2. Exclude CPUs 8 to 15 by uncommenting the variable IRQBALANCE_BANNED_CPUS and setting its value this way:
  3. This will cause the irqbalance process to ignore the CPUs that have bits set in the bitmask; in this case, bits 8 through 15.
  4. If you are running a system with up to 64 CPU cores, separate each group of eight hexadecimal digits with a comma:
    The above mask excludes CPUs 8 to 15 as well as CPU 33 from IRQ balancing.


From Red Hat Enterprise Linux 7.2, the irqbalance tool automatically avoids IRQs on CPU cores isolated via the isolcpus= kernel parameter if IRQBALANCE_BANNED_CPUS is not set in the /etc/sysconfig/irqbalance file.

Procedure 2.5. Manually Assigning CPU Affinity to Individual IRQs

  1. Check which IRQ is in use by each device by viewing the /proc/interrupts file:
    ~]# cat /proc/interrupts
    This file contains a list of IRQs. Each line shows the IRQ number, the number of interrupts that happened in each CPU, followed by the IRQ type and a description:
             CPU0       CPU1
    0:   26575949         11         IO-APIC-edge  timer
    1:         14          7         IO-APIC-edge  i8042
    ...[output truncated]...
  2. To instruct an IRQ to run on only one processor, use the echo command to write the CPU mask, as a hexadecimal number, to the smp_affinity entry of the specific IRQ. In this example, we are instructing the interrupt with IRQ number 142 to run on CPU 0 only:
    ~]# echo 1 > /proc/irq/142/smp_affinity
  3. This change will only take effect once an interrupt has occurred. To test the settings, generate some disk activity, then check the /proc/interrupts file for changes. Assuming that you have caused an interrupt to occur, you will see that the number of interrupts on the chosen CPU have risen, while the numbers on the other CPUs have not changed.

Procedure 2.6. Binding Processes to CPUs Using the taskset Utility

The taskset utility uses the process ID (PID) of a task to view or set the affinity, or can be used to launch a command with a chosen CPU affinity. In order to set the affinity, taskset requires the CPU mask expressed as a decimal or hexadecimal number. The mask argument is a bitmask that specifies which CPU cores are legal for the command or PID being modified.
  1. To set the affinity of a process that is not currently running, use taskset and specify the CPU mask and the process. In this example, my_embedded_process is being instructed to use only CPU 3 (using the decimal version of the CPU mask).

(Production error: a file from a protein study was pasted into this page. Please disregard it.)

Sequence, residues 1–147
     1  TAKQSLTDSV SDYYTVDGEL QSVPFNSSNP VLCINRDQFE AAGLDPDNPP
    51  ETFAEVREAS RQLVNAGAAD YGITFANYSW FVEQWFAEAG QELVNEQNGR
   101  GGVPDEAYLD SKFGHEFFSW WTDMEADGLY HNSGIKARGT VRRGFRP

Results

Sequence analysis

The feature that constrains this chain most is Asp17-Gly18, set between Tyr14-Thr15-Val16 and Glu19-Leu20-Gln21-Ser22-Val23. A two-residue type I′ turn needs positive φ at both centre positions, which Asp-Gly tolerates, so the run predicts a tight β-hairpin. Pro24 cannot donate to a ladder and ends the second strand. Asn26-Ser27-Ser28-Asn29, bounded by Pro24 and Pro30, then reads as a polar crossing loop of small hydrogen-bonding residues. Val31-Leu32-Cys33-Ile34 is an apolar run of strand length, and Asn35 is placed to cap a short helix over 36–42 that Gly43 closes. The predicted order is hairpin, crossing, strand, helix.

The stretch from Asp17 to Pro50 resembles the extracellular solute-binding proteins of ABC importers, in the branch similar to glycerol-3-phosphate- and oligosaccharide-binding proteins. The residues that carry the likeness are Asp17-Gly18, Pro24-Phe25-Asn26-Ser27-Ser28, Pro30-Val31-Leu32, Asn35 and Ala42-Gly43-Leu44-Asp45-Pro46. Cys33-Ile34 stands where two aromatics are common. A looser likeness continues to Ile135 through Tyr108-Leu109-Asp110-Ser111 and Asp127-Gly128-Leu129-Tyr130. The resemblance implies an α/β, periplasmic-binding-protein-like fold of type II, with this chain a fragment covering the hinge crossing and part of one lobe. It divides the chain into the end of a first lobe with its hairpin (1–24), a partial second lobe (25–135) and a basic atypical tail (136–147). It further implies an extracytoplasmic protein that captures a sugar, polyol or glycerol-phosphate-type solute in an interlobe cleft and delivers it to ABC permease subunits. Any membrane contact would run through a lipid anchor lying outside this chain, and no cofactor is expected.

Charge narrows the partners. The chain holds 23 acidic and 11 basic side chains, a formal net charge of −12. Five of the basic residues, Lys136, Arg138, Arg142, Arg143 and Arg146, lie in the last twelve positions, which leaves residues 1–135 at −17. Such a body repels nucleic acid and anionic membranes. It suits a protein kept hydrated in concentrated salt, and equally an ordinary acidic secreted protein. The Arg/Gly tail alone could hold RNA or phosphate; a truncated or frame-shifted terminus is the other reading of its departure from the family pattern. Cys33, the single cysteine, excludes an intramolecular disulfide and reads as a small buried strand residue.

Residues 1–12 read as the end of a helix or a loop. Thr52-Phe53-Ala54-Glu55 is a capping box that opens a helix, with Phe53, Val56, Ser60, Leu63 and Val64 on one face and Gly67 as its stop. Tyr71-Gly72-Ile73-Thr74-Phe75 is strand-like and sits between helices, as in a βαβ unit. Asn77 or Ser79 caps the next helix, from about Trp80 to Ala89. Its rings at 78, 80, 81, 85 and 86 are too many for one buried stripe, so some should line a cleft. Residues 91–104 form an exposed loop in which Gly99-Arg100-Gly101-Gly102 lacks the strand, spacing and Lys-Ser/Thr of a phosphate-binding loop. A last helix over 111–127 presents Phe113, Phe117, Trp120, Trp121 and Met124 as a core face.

~]# taskset 8 /usr/local/bin/my_embedded_process
  2. It is also possible to specify more than one CPU in the bitmask. In this example, my_embedded_process is being instructed to execute on processors 4, 5, 6, and 7 (using the hexadecimal version of the CPU mask).
    ~]# taskset 0xF0 /usr/local/bin/my_embedded_process
  3. Additionally, you can set the CPU affinity for processes that are already running by using the -p (--pid) option with the CPU mask and the PID of the process you wish to change. In this example, the process with a PID of 7013 is being instructed to run only on CPU 0.
    ~]# taskset -p 1 7013
  4. Lastly, using the -c parameter, you can specify a CPU list instead of a CPU mask. For example, in order to use CPU 0, 4 and CPUs 7 to 11, the command line would contain -c 0,4,7-11. This invocation is more convenient in most cases.


The taskset utility works on a NUMA (Non-Uniform Memory Access) system, but it does not allow the user to bind threads to CPUs and the closest NUMA memory node. On such systems, taskset is not the preferred tool, and the numactl utility should be used instead for its advanced capabilities. See Section 3.6, “Non-Uniform Memory Access” for more information.
Related Manual Pages

For more information, or for further reading, the following man pages are related to the information given in this section.

  • chrt(1)
  • taskset(1)
  • nice(1)
  • renice(1)
  • sched_setscheduler(2) for a description of the Linux scheduling scheme.